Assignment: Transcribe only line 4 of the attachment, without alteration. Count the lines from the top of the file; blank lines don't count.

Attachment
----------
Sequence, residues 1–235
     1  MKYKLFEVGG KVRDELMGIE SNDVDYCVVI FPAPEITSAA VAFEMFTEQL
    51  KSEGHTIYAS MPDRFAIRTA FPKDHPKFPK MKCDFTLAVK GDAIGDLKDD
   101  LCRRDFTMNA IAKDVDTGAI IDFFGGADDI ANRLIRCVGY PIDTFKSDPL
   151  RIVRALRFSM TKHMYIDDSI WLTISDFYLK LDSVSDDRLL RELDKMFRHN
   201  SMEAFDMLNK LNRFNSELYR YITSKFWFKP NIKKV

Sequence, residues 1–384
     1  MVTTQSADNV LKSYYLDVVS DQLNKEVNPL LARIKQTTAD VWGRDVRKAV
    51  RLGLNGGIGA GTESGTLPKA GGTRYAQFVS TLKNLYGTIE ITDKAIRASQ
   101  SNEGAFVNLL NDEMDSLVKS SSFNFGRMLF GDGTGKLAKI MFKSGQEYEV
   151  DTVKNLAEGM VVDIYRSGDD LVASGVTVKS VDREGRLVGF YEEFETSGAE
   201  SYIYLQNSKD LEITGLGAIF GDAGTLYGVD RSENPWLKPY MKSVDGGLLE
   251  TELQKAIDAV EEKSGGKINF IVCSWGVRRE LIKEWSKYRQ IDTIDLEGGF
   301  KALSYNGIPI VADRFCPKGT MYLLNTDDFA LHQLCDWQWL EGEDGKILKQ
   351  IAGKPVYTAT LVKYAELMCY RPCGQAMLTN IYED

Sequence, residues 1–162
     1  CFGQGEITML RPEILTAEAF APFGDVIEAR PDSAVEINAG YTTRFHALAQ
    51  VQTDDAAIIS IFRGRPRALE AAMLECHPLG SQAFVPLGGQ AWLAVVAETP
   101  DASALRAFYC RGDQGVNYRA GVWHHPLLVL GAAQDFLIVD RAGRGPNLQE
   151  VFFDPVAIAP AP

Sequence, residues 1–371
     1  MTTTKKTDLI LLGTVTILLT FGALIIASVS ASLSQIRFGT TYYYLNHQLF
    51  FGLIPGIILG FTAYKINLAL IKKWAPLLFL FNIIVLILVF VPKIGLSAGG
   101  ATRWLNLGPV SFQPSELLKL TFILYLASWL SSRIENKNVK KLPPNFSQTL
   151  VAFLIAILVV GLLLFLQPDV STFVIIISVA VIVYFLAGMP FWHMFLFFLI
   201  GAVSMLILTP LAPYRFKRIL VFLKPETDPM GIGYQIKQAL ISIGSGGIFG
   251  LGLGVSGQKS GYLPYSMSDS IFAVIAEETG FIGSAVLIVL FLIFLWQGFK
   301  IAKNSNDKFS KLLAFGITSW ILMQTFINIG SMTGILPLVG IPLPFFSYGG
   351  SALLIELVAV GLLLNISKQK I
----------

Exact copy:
   101  LCRRDFTMNA IAKDVDTGAI IDFFGGADDI ANRLIRCVGY PIDTFKSDPL